a larger ecosystem of institutions, which will be critical in managing the
    sheer scale of engagement and implementation that will be required.
  3. Long-term blueprints
    should be replaced with 3-year rolling plans
    . In view of the speed of the
    Fourth Industrial Revolution, most forecasts will quickly be outdated. ASEAN
    must be agile and allow for course correction.
  4. Ask the people:
    Democratise and decentralise policy formulation. As internet and smartphone
    penetration deepens across ASEAN, there is substantial opportunity to make
    ASEAN policy formulation more inclusive This will make the ASEAN policy-making
    process more inclusive, and make ASEAN an organisation truly owned and managed
    by the people for their benefit.
  5. The report recommends the establishment of pan-ASEAN test beds for new approaches
    to regulation as a way to nurture multi-country experiments in shaping new
  6. Hire staff capable of running a platform model
    . The staff must be well versed in managing the new Fourth
    Industrial Revolution tools and have a strong record in this regard. The report
    says that ASEAN leaders could consider a new approach to the recruitment of
    staff, with workers hired for their skills on a permanent basis, rather than
    through “appointment”, based on rotation among ASEAN nations.
  7. Adopt a new funding model to provide more funding for the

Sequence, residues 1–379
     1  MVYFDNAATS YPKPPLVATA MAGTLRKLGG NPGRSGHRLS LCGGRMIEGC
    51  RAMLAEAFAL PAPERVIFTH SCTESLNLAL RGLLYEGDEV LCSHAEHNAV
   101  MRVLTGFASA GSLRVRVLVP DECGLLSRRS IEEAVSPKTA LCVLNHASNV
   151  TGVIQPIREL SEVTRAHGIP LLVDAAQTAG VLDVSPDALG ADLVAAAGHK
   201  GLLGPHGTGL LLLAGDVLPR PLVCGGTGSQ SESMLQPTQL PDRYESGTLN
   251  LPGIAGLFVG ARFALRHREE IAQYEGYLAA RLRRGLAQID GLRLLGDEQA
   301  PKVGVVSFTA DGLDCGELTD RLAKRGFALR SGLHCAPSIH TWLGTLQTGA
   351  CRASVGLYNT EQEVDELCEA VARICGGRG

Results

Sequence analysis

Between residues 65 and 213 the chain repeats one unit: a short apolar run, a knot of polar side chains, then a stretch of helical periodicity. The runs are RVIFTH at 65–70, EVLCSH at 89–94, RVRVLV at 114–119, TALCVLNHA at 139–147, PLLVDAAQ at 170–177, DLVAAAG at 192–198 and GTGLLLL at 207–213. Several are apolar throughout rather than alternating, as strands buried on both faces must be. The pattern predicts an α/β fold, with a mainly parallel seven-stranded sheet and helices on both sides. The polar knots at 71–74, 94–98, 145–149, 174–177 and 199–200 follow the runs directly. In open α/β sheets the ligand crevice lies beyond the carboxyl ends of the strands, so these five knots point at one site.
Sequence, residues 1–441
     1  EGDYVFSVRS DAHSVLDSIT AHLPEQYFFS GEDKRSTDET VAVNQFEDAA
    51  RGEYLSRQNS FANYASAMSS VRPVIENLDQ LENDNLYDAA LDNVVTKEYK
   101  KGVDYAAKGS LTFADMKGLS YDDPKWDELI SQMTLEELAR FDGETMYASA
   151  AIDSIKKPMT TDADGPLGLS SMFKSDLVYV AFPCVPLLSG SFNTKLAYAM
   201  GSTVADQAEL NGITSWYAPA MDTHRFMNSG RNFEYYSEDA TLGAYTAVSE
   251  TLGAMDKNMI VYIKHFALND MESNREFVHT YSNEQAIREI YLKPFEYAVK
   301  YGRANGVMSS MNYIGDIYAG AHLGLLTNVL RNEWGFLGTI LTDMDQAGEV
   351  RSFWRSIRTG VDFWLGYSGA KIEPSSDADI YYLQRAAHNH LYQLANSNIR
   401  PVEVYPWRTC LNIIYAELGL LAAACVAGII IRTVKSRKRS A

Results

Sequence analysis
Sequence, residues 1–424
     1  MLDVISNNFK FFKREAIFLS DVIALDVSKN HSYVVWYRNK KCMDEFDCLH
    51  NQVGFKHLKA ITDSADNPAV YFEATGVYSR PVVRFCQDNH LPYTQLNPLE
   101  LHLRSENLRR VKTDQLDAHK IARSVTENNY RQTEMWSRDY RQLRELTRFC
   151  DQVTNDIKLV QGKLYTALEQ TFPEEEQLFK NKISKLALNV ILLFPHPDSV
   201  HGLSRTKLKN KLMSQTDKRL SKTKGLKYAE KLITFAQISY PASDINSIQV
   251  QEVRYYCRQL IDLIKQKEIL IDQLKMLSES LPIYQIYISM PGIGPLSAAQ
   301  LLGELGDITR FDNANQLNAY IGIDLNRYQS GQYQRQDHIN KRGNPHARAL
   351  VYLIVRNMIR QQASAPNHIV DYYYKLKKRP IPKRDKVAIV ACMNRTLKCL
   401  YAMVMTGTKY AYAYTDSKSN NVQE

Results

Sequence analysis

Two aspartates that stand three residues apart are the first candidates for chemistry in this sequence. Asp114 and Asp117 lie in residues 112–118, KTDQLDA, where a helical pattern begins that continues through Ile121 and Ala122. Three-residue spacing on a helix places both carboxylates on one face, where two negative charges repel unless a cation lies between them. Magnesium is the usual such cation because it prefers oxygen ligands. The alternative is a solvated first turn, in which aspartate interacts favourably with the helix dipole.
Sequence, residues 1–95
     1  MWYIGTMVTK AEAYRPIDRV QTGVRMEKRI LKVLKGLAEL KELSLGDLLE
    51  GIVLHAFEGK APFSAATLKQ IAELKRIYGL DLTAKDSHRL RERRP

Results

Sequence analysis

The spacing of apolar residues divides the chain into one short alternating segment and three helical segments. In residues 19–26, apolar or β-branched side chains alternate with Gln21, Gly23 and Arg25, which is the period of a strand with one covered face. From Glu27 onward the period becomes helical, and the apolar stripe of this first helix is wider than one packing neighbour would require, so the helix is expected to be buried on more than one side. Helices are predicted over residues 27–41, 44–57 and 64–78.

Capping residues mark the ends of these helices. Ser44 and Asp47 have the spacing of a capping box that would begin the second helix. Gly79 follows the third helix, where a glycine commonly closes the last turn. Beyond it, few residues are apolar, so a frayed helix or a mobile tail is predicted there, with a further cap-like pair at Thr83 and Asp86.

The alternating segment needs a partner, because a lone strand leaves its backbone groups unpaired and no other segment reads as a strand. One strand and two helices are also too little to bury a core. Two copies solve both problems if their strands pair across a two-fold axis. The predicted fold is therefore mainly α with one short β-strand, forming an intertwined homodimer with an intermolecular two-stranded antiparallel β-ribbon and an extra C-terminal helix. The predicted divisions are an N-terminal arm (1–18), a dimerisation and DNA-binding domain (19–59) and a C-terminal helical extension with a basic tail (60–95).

ASEAN Secretariat’s operation. ADB estimates that, by 2030, the ASEAN
    Secretariat will need an annual budget of $220 million (current annual funding
    is around $20 million) to manage the ASEAN Community effectively. One possible
    model might be that used by the United Nations, with contributions linked to
    the economic size of countries.

“Today, the technologies of the Fourth Industrial Revolution
appear to be contributing to rising inequality around the world. But this need
not be the case,” said ADB Vice-President Stephen Groff. “With prudent fiscal
management and appropriate policy, opportunities for lifelong learning and
incentives for skills training can be created. And this is especially true for
ASEAN. ADB considers the potential impact of Fourth Industrial Revolution
technologies on jobs in ASEAN a critical area for exploration to support
inclusive growth in years ahead.”

“The Fourth Industrial Revolution is unfolding at tremendous
speed. Indeed, the pace of change is accelerating. All over the world,
governments are struggling to keep up. The traditional ways of shaping policy,
writing regulations and setting standards are too slow, too top-down and too
backward-looking. What is needed is an approach that is much faster, more
agile, more experimental, and more iterative,” said Justin Wood, Head of Asia
Pacific and Member of the Executive Committee at the World Economic Forum.

Nazir Razak, Chairman, CIMB Group Holdings, Malaysia, and
Chair of the ASEAN Regional Strategy Group (RSG) said,“This revolution will
transform everything, from economic structures to social systems. Many aspects
of our lives will improve. But there will also be many worrying challenges,
such as how automation and artificial intelligence are replacing jobs. We have
to understand these issues and have appropriate policies to address them.”